Transferable Skills in the Manufacturing Industry

If you have any of the following skills, please list each one under the appropriate position in your resume and explain how you demonstrated those skills.

  • Knowledge or Experience in the Production Process: whether you’re a dental assistant, sandwich maker, or precision machinist, you probably have learned and worked in some type of production process. Elements of a production process include:
    • Meeting deadlines
    • Following specific directions or guidelines
    • Achieving daily, weekly, or monthly goals
    • Measuring
    • Quality assurance activities
  • Strong Working Knowledge of Manufacturing: list and describe on your resume which job responsibilities you have had in the past that incorporate production techniques (e.g., room turnover for dental assistants or making sandwiches or pizzas correctly according to company guidelines).
  • Attention to Detail: Machined parts made for the industry are made with extremely high precision. Being accurate is extremely important. List and describe on your resume any skills or experience that demonstrates your ability to be accurate and detail-oriented.
  • Math Skills: Production workers in the advanced manufacturing industries use high-level math (e.g., Algebra, Geometry and Trigonometry) on a daily basis. List and describe on your resume any past jobs and tasks which required mathematical calculations.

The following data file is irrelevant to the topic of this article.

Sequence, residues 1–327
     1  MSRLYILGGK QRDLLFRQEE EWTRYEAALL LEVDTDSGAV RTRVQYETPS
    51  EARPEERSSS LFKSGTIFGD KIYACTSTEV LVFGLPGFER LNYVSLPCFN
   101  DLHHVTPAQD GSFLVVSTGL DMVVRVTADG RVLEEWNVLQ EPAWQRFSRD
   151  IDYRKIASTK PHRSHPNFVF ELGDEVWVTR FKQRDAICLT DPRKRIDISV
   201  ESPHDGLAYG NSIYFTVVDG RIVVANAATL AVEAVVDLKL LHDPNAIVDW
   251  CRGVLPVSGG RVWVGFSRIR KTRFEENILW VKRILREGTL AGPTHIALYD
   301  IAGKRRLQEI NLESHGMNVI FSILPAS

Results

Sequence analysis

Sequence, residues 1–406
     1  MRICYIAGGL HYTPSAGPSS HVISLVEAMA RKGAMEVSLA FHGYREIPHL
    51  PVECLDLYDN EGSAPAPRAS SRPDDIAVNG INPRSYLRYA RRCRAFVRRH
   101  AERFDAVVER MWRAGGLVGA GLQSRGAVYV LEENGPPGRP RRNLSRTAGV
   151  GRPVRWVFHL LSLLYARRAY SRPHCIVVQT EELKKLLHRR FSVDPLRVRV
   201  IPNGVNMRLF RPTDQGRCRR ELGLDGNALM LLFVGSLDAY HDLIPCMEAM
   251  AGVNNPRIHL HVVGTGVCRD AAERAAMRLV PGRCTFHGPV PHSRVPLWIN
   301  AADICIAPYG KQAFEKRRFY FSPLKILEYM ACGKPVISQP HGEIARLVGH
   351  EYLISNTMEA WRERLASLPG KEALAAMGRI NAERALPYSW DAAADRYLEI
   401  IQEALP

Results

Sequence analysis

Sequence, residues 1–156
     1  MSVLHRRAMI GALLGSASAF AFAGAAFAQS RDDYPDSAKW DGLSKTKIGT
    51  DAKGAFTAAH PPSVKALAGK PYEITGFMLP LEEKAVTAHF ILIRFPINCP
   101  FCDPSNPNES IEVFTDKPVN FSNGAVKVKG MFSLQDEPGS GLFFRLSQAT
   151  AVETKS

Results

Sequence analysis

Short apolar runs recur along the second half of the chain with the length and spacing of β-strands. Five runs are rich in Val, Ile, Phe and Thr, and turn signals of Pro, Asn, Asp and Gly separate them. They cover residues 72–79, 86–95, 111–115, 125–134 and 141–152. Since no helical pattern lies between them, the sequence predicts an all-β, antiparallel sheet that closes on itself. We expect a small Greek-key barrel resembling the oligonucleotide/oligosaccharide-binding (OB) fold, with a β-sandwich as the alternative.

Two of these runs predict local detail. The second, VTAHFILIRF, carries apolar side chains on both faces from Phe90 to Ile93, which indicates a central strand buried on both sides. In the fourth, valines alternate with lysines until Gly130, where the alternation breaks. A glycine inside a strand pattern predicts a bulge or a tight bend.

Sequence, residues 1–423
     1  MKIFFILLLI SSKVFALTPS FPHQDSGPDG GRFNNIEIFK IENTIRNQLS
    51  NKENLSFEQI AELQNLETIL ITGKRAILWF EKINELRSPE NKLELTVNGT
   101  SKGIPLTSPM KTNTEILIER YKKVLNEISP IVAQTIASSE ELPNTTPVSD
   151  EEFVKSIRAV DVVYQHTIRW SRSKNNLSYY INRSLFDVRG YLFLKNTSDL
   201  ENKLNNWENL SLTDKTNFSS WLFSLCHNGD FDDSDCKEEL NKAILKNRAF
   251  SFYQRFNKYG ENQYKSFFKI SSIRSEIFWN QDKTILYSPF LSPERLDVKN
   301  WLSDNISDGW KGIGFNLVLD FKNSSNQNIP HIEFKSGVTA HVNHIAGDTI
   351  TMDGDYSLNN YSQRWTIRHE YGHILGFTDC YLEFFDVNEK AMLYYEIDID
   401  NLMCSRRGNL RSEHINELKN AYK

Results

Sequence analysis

• Technical Skills or Mechanical Aptitude: in the advanced manufacturing industries, you will work with your hands, so experience in auto repair, woodworking, metalworking, etc., may also be transferable. List and describe on your resume any past jobs, classes or hobbies that exhibit your technical skills or mechanical aptitude.
World of Work Inventory (WOWI) Test

WORLD OF WORK INVENTORY (WOWI) The WOWI is AJAC’s preferred assessment tool because it provides the most information about interests, aptitudes and abilities and can be used to determine whether you meet the minimum qualifications for an AJAC apprenticeship. In Washington State, the WOWI is offered by many workforce and retraining agencies. It is also available for a reduced fee from wowidirect.com. After completing the WOWI assessment, your results will be immediately available and will provide valuable information about specific careers based on your interests and aptitudes. To take the WOWI Assessment: